To be offered by Silverstone Auctions as part of the 'Silverstone Classic Live Online Sale' on Friday 31st July. Please see our website for full listings and to find out more on how to register for bidding.
Lot No. 319
Estimate: £15,000 - £18,000
Buyers Premium 12.5% + VAT
Rare 1920's cycle car produced by Maurice Jeanson in 1927
945cc Chapuis-Dornier engine with a sports car body
Diminutive styling in line with Amilcar and Salmson
One of the first vehicles to be offered under a finance agreement
Your earliest inspection is encouraged and welcomed
This car has formed part of a large collection with little or no use. An element of recommissioning is to be expected to return it to the road once again
A new V5c will need to be requested by submitting a V62 form
It's not only quality, engineering, innovation or competitiveness that can make a car manufacturer successful. Perhaps most important of all is marketing. And this is where French manufacturer Maurice Jeanson excelled, albeit for a limited time. Jeanson entered the car market in 1921 during the cyclecar craze. He chose the name of his nephew, Benjamin, as a brand name and introduced a small 750 cc 4-cylinder car with shaft drive that weighed just under 350kg. That meant that the car benefitted from the tax advantages for cyclecars whilst offering the better build quality of more conventional cars. More importantly, he concocted an innovative financing scheme for his customers. In association with bank Société Générale, he offered a credit scheme which meant that the cars could be bought by paying 12 monthly instalments, which added only 200 Francs to the price. Benjamin acted as a security to the bank, which proved to be both productive as well as risky.
At first business boomed and sales grew rapidly. In 1923 the range was expanded with a long-chassis model that could be fitted with 4-seater bodies but was also offered for commercial vehicles. That same year a 2-seater sports model was introduced with a single overhead cam engine that propelled the car to a maximum speed of 100 kph. A year later a true cyclecar was marketed as the Benjamin P2. It was powered by a 525 cc twin-cylinder 2-stroke engine that was mounted in the rear of the boat-tailed car. Though it had some success in competition, the car didn't sell well and the model soon disappeared from the range. After that Benjamin stuck by 4-cylinder 4-stroke models and capacities up to 1095 cc were offered.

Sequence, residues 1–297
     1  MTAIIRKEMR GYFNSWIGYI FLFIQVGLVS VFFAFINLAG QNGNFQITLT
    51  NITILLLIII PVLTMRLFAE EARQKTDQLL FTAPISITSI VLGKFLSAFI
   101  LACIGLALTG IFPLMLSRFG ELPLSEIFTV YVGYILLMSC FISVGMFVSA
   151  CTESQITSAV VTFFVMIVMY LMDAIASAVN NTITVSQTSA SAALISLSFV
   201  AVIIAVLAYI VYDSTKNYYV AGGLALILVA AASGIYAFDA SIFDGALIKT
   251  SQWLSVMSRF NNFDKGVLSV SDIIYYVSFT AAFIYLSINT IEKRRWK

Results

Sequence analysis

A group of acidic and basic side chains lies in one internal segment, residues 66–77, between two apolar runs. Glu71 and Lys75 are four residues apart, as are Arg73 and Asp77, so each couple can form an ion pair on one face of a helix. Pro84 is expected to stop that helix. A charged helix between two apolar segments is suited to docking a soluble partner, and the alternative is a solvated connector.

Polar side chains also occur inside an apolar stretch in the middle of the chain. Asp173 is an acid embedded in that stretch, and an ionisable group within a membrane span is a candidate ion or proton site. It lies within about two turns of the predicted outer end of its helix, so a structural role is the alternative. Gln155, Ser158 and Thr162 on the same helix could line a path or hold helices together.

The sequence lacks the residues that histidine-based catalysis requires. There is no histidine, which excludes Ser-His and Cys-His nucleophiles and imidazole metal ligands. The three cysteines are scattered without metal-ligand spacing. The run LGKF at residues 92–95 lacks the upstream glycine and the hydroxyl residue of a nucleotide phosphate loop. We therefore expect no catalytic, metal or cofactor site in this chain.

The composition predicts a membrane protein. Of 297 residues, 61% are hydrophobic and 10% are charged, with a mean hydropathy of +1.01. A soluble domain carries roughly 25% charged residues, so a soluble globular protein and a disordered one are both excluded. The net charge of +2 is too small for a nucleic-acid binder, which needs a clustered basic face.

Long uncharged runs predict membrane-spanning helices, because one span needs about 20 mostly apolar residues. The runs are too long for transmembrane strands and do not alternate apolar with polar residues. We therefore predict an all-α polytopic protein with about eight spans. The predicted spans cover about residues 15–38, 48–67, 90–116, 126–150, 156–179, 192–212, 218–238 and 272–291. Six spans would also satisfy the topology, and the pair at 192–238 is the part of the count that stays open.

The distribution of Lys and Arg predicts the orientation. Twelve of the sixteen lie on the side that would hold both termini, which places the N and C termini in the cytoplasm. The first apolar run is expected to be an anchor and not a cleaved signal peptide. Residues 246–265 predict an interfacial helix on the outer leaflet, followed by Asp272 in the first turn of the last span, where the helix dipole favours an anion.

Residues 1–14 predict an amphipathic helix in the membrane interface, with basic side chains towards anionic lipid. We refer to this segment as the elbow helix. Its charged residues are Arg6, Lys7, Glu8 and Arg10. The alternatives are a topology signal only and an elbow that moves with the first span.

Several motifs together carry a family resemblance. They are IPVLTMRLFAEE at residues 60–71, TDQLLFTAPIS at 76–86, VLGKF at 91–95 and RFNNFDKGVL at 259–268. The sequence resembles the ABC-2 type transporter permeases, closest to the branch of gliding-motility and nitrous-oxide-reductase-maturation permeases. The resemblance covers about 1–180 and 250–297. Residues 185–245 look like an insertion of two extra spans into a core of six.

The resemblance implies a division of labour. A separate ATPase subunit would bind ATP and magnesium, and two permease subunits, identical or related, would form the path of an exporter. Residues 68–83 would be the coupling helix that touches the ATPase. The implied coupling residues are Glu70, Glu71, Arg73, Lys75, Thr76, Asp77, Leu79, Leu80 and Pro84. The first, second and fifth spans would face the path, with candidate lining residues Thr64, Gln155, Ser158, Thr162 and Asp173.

Up to 1926 production grew and grew and Benjamin prospered. Four-wheel braking was introduced on the cars, which had made a name for themselves for offering quality at a modest price. But then things went awry as the economy declined and customers failed to pay off their loans. Since Benjamin acted as guarantor, the company was obliged to reimburse the bank for the failed payments of their customers and this led to bankruptcy in 1927. As the creditors saw more advantages in continuing production as opposed to selling the assets the company was not liquidated and Jeanson was allowed to re-establish his company, but now closely governed by his main creditor, the bank. Benjamin was renamed into Benova, meaning "new Benjamin".
The most notable new car was the Type G with a 1502cc (later enlarged to 2 litres) straight 8-cylinder engine provided by S.C.A.P. This was a luxury car quite unlike the preceding models and was produced up to 1929. More common were the models powered by the 4-cylinder engines provided by Chapuis-Dornier. They ranged from 945cc to 2100cc capacities and powered models varying from small 2-seaters, conventional 4-seaters to commercial vehicles. They sold reasonably well but with the recession, the competition from mass-produced cars and without the attractive financing scheme the market dried up for Benova and its last vehicles were sold in 1931.
It's not quite clear how many Benjamins or Benovas were made in total but of the B3 model shown here, there were more than 300 built between 1927 and 1929. Most of them had regular tourer, coach or saloon bodies but there were sportscars as well. This example is fitted with the 945cc Chapuis-Dornier engine and fits in quite nicely with contemporary small sportscars from Amilcar and Salmson. There are still a number of Benjamin and Benova cars extant, mostly in Western Europe and often as 2-seater sports specials which still enjoy some popularity. This diminutive cycle car presents well to this day and will make a welcome and rare addition to any collection.
In recent years this car has formed part of a large collection and as such has received little or no use and an element of recommissioning is to be expected to return it to the road once again. Your inspection pre-sale is welcomed and encouraged to appreciate the potential of this rarely offered motor car.
You can now book a one to one appointment (up to one hour) to view this lot at our central location between 16th and 30th July. Please contact us on 01926 691 141 to secure your appointment or [email protected]
to discuss the car in more detail. The health and safety of both our customers and team remains the utmost priority, we are therefore operating to strict COVID-19 guidelines and full instructions for arrival and inspection protocols will be given when making your appointment.